Sun Oct 23 2005 09:37 PM
Re: Wilma Moving Rapidly Toward Florida

...Wilma has spent the day traversing over top a local heat content maxim as notable by: http://www.aoml.noaa.gov/phod/dataphod1/work/HHP/NEW/2005295go.jpg ....a region indirectly associated with the well-discussed loop. There is a lag-time for response, even in the highly coupled boundary-layer/SS environment of the TC model... Wilma is no exception and we are tending to see colder ct explosions and a weak attempt at a better defined CDO as we type, which will likely continue while she avails of the additional heat injection...

It is not unthinkable that Wilma could go through a 3 hour period of more rapid intensification; we may be on the threshold of seeing that happened this evening. She has little room to spare and I think cat-3 is easy from here on out... Just my opinion. She is also got an awesome outflow channel established NNE, which may also be keyed into the westerlies veering into a front entrance jet structure just N of a stationary boundary in the area... This could all presage a rapid transition scenario just off the SE Coast. Once she gets over land and the western ends of the boundary should start crashing into her backside... rasping in cooler and drier continental air... This will almost immediately establish cold frontogensis because at that time she will be intertwining, rather complexly, with the jet structure associated with a very powerful U/A low settling into the Ohio Valley and will have differential thermal advection in her southern flanks... (1st signal to transition is the establishment of baroclinic boundaries and most models also show mid- tropospheric warm frontal genisis extending out into the open Atlantic as Wilm climbs in latitude, as well)

If you are in Eastern New England, you'd better have contingency plans if you are prone to marine attacks...Just in case... Hurricane Bob did a billion in damage to marine interests along and this "could" conceivable be almost as costly because it will have a much greater areal assault of less winds. We currently have high wind watches established for eastern coastal Massachusetts... 970mb hybrid bomb is crashing NNE up underneath a 1034mb high in Quebec... Umm... Do the math. If the absolute phased scenario pans out and an extratropical low is born of Wilmas potential energy, could be a real press maker. One saving factor is that we are at the astro-low side of the tide cycle...But, with 70mph (potential) sustained NE winds and extremely low bp we are likely going to have at least a 3 to 4 foot storm surge...Tides are slated in the 8.9 foot (mean) during the high tide Tuesday and that could be trouble with 20foot breakers are crashing to shore..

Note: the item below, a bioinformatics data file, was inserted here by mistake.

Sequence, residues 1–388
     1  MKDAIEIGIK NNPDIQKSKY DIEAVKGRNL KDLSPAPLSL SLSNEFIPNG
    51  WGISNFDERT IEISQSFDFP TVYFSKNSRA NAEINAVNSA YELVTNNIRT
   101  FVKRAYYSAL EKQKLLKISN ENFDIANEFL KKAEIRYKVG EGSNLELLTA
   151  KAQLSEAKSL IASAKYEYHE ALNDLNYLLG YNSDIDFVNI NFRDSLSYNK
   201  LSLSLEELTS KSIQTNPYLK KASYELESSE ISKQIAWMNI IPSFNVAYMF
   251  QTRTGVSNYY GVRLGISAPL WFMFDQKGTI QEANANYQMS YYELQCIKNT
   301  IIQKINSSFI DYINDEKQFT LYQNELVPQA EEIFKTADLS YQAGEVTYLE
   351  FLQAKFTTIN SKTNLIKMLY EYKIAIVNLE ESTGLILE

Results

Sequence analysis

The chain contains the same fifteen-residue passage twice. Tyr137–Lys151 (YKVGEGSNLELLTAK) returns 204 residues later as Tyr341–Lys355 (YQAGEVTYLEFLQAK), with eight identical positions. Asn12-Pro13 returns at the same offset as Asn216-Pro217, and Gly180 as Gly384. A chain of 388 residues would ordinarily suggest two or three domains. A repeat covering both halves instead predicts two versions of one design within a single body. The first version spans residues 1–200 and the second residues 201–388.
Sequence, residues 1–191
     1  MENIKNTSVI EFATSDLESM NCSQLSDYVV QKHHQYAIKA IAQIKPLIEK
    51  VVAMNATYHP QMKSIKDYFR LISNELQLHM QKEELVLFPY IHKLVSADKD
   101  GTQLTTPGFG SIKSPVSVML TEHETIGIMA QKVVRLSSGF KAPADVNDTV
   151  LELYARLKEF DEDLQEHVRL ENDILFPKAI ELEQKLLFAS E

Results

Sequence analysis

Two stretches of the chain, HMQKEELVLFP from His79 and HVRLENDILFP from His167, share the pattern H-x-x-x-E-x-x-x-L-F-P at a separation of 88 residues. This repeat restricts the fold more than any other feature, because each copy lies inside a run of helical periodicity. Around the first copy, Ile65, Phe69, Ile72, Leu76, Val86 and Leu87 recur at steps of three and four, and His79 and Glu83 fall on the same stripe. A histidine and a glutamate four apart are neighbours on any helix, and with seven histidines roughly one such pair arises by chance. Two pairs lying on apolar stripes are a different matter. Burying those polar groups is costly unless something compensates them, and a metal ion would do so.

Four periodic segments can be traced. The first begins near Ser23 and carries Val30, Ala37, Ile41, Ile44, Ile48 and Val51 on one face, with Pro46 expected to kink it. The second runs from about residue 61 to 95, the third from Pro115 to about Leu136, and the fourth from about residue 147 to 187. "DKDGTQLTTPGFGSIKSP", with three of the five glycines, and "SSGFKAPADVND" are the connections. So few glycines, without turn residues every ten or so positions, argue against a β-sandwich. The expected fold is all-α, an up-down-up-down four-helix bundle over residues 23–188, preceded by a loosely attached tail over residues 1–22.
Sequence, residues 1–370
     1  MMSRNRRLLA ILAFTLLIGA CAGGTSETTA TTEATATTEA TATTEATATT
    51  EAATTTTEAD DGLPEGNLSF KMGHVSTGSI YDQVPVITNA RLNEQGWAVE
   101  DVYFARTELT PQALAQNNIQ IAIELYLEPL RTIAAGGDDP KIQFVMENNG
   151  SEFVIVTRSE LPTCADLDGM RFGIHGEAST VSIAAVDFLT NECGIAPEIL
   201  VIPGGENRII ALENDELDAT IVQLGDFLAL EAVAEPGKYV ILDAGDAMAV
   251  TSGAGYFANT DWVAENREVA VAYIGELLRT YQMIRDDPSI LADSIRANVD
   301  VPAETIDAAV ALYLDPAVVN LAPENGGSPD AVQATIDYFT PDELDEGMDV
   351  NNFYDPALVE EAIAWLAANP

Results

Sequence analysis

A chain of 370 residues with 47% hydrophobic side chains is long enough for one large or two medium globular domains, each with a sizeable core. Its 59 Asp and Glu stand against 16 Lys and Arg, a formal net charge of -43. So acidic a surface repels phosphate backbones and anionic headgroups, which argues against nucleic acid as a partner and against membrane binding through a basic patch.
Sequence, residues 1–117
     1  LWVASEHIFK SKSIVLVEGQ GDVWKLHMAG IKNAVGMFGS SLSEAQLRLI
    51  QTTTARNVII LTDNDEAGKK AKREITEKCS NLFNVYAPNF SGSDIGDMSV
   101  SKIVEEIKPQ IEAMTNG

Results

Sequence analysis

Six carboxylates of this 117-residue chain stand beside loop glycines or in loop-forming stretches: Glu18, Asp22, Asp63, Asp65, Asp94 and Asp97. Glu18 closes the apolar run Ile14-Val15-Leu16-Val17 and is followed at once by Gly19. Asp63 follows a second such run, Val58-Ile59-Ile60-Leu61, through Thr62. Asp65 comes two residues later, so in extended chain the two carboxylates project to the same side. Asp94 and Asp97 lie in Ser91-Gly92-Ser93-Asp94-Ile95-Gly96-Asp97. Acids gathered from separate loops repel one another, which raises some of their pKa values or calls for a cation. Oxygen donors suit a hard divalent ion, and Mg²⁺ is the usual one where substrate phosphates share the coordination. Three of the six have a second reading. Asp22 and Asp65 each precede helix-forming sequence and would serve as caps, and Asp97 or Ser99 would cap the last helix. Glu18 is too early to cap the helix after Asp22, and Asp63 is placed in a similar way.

If that were not enough, there are deeper convective elements popping in the vicinity of Alpha as it is moving off the N Coast of Hispanola, over SSTs that are still warm enough for TC, under an upper level anticyclone that is transiently located over the eastern Bahamas... Fairly obvious curved banding suggests that NHC allusion to regeneration may be afoot... This system is modeled to recurve but I have issues with that taking place. The Nor'easter over night is fast escaping and there'll be a natural rebound in the ridge tendencies in it's wake; meanwhile, the U/A low and trough in the Ohio Valley is in the process of taking on deeper meridianal extent, which "should" mean heights out in the Atlantic would teleconnect higher... The combination of these feed-backs would tend to a model solution closer to the 12z GFDL than those provided by the 18z run... Not sure why it reverted back to the 06z-like pathways in the models et al for that matter, because the 12z made for a better intuitive fit... Actually, for New England's sake, they'd probably better hope the ridge hypothesis above doesn't work out and Alpha recurves and doesn't get caught up in the fruckus of Wilma's rage. It just seems to me that this plot could all get very hairy in a hurry if Alpha explosively regenerates and takes bee-line at Long Island during the next 24 hours, because the models and man, neither would have really seen that coming - or at least I suspect that to this point, that "outside" possibility hasn't really been talked about... But imagine that...having a tropical storm slam in with almost no warning and then have to deal with a transitioning Nor'easter with warm core characteristics... It would be truly rare..

Update 1: Also, not to be insensitive because yes INDEED...I should be focussed on Florida concerns first in deference to urgencies..
Update 2: Judging by recent IR frames I am inclined to think that indeed....a rapid intensification is underway...

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